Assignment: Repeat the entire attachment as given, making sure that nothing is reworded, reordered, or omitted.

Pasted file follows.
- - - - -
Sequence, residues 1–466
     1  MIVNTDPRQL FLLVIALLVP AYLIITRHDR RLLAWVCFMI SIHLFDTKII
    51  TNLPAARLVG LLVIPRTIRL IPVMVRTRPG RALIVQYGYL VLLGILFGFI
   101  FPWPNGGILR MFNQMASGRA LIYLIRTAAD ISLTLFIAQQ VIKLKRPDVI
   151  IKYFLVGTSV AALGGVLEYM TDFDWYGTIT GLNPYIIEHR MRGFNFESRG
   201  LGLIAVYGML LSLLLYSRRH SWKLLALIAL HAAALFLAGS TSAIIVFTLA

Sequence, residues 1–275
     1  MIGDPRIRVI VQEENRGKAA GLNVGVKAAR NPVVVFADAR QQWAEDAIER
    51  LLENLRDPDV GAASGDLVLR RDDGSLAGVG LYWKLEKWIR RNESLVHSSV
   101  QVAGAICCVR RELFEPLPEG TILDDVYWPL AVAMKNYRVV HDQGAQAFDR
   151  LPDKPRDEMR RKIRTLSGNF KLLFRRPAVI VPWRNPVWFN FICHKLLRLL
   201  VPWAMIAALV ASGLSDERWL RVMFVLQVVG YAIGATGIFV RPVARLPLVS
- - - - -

Sequence, residues 1–466
     1  MIVNTDPRQL FLLVIALLVP AYLIITRHDR RLLAWVCFMI SIHLFDTKII
    51  TNLPAARLVG LLVIPRTIRL IPVMVRTRPG RALIVQYGYL VLLGILFGFI
   101  FPWPNGGILR MFNQMASGRA LIYLIRTAAD ISLTLFIAQQ VIKLKRPDVI
   151  IKYFLVGTSV AALGGVLEYM TDFDWYGTIT GLNPYIIEHR MRGFNFESRG
   201  LGLIAVYGML LSLLLYSRRH SWKLLALIAL HAAALFLAGS TSAIIVFTLA

Sequence, residues 1–275
     1  MIGDPRIRVI VQEENRGKAA GLNVGVKAAR NPVVVFADAR QQWAEDAIER
    51  LLENLRDPDV GAASGDLVLR RDDGSLAGVG LYWKLEKWIR RNESLVHSSV
   101  QVAGAICCVR RELFEPLPEG TILDDVYWPL AVAMKNYRVV HDQGAQAFDR
   151  LPDKPRDEMR RKIRTLSGNF KLLFRRPAVI VPWRNPVWFN FICHKLLRLL
   201  VPWAMIAALV ASGLSDERWL RVMFVLQVVG YAIGATGIFV RPVARLPLVS